The first pot display consists of the succulent Aeonium arboreum 'Schwarzkopf', the variagated Swedish Ivy  Plectranthus coleoides and the deep crimson, velvet flowered Pelargonium 'Lord Bute' (grown from cuttings by Mr Beardmore, Thank you). The team will now spend the next few weeks creating the displays for the summer from the large selection of plants waiting in the cold frames and greenhouse.

Friday, 15 May 2015

Two Goslings

The Canada Geese mentioned in blog entry 27th April 'The Reed Bed Maternity Unit', had eggs that hatched during the weekend of the 2nd/3rd May. Six goslings were seen on the morning of the 4th but by the evening just two remained. Two weeks have passed and the goslings have stayed close to their parents, eating grass and sleeping, growing up fast.

Wednesday, 13 May 2015

Cow Parsley 'Bashing'

The mass of frothy white flowers in the orchard signals that the Cow Parsley, Anthriscus sylvestris, is once again in flower. The gardener's annual task of removing some of it, in an attempt to control it spreading, began yesterday and continued today, ('bashing' as they call it). Using forks they dig it out of the grass but the tap roots are long and deep in the soil, snapping off as it is lifted, leaving a small piece behind which will grow again.

Wildlife spotted in amongst the grass whilst forking out the Cow Parsley, a Damselfly, wings folded along its abdomen, gently resting.

Tuesday, 12 May 2015

Peony 'Molly The Witch'

Paeonia mlokosewitschii, that's quite a mouth full so let's call it by its other name, Peony 'Molly The Witch', it's so much easier!

The gardeners have been waiting a long time, some 6 years, for these peony to flower. One plant, very small when planted, was donated and the others were seedlings dug out from a gravel path in the Fellow's Garden; luckily the seedlings have come true, the same colour as the parent plant.

Planted in the tree circles of the Ruskin Building's Serpentine Garden, the single lemon-yellow flowers light up each circle replacing the faded primrose yellow flowers of the Magnolia 'Elizabeth' that stand above them.

Thursday, 7 May 2015

Peaceful Purples In The Corner

17th March 2015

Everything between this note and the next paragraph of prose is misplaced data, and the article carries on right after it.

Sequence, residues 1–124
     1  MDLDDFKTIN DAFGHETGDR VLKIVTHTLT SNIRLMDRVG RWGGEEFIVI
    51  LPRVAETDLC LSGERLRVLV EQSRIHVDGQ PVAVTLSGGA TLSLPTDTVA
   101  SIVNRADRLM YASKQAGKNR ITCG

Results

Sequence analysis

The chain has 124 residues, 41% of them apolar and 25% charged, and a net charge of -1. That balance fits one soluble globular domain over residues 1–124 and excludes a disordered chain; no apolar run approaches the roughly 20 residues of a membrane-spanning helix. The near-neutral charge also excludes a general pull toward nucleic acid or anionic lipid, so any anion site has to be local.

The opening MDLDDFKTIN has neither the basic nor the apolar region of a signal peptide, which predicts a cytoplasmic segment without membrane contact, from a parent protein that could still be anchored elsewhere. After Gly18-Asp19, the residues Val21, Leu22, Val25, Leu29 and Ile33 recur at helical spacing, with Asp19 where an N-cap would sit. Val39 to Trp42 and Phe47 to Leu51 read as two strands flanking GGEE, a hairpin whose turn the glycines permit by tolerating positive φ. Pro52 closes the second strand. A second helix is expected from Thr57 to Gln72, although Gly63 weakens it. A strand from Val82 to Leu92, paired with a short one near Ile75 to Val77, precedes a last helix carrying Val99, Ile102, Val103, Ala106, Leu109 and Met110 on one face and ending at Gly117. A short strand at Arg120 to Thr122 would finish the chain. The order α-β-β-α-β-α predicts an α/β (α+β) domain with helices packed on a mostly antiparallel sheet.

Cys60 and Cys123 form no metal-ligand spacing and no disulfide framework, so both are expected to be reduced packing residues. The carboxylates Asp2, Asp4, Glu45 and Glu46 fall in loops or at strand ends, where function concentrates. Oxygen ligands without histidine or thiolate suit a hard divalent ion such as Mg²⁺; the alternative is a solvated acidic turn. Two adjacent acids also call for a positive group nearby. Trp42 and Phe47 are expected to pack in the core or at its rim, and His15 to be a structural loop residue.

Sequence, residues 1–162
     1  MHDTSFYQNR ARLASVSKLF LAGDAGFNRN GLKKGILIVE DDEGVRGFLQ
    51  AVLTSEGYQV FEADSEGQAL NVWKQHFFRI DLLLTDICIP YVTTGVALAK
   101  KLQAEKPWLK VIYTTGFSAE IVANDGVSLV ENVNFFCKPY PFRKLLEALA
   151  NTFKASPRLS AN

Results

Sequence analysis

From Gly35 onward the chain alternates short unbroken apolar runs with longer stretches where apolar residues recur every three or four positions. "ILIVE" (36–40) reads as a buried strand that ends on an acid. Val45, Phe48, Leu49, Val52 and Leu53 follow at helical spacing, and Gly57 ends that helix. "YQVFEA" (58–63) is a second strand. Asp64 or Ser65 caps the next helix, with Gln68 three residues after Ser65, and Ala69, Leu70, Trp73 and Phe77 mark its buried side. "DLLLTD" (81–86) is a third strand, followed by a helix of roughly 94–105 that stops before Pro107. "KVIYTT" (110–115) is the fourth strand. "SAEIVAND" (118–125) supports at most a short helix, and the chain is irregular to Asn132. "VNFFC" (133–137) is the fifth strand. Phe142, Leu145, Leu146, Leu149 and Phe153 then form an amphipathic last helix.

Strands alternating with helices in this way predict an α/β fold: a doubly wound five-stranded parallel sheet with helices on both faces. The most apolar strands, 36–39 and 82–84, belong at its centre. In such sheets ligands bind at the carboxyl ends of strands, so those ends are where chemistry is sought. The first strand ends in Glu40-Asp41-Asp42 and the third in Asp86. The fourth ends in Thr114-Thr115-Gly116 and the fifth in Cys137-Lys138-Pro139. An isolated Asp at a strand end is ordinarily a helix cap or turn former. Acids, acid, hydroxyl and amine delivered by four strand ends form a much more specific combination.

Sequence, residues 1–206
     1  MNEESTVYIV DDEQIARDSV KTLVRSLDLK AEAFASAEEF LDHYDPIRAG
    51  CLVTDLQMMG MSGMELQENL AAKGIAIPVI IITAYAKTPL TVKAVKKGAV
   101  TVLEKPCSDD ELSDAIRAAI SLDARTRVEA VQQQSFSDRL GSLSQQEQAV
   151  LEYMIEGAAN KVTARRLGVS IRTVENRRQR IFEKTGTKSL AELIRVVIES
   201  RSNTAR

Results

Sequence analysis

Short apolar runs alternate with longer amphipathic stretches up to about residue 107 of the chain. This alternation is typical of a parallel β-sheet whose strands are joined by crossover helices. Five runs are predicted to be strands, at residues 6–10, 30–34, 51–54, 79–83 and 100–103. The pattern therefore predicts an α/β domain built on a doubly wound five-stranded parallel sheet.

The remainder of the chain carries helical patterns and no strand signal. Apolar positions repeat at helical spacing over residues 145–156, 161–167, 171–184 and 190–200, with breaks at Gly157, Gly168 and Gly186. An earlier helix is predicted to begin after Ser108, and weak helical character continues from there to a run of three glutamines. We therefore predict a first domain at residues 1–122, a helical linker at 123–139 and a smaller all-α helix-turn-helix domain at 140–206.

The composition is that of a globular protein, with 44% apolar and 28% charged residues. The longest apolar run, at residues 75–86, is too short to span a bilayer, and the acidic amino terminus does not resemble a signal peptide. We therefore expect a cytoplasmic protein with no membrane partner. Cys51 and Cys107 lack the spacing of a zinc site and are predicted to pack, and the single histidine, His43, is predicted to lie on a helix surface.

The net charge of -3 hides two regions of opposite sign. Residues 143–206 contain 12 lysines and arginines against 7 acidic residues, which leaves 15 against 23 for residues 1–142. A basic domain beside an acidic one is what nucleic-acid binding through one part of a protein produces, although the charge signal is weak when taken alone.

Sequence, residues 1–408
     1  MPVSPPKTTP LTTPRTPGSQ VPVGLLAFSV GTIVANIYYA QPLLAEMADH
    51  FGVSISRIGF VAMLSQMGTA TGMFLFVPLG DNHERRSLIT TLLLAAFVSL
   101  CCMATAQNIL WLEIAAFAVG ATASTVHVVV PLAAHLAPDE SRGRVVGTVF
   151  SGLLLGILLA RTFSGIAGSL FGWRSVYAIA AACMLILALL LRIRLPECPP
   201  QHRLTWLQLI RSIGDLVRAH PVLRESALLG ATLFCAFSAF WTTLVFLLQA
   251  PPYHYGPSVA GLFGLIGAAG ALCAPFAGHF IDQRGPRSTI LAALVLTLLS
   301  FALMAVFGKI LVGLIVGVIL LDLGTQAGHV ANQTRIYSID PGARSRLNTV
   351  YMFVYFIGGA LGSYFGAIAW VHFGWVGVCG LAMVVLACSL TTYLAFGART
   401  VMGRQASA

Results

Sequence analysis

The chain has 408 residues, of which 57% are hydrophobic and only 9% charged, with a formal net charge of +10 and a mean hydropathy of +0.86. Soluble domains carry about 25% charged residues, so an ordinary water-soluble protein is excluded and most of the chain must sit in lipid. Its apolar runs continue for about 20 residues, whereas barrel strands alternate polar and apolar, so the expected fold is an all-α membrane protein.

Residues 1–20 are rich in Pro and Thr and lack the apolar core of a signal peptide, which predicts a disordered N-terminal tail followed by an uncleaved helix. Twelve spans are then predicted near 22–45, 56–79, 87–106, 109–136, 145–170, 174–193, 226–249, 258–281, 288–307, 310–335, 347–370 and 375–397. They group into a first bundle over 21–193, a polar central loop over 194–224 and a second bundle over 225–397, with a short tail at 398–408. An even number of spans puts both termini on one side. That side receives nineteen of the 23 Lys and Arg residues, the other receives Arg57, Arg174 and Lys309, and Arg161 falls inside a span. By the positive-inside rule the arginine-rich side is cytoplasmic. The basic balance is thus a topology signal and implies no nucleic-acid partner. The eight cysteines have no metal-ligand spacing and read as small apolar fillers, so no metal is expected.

Planted out at the end of October 2014, see blog entry for the 23rd 'Wallflower Sunset Purple And Tulip Shirley', the border in the corner has matured well and has been at its best this week.

For the spring display this year the colour scheme was purple. The ivory tulips, with purple veining on the edge of the petals, seem to float above the rich purple, fragrant blooms of the wallflowers, together creating a relaxing, peaceful effect.

Friday, 1 May 2015

Restoring One Of The Memorial Benches

Over the last few months work on restoring one of the memorial benches began. The bench was in poor condition, its paintwork flaking and in desperate need of restoration. Last month the old paint was removed using a power washer, blasting off the dirt and paint. The bench was then put in to storage until Tuesday when work on it began again.

 Using sanding tools of various shapes and sizes, Danny carefully removed the remaining paint creating a smooth surface to which the wood finishing oil could be applied.

The finishing oil chosen was 'Danish Oil' to give an attractive, water resistant low sheen finish. Applied using a cloth the oil was worked in to the wood, two coats were needed to penetrate and protect it from the elements it may encounter whilst out in the gardens. 

The beautiful wood grain, hidden for so many years beneath dirt and flaking paint, can now be seen again. For four days Danny has lovingly restored this memorial bench, soon to be seen out in the gardens again, once it has dried that is.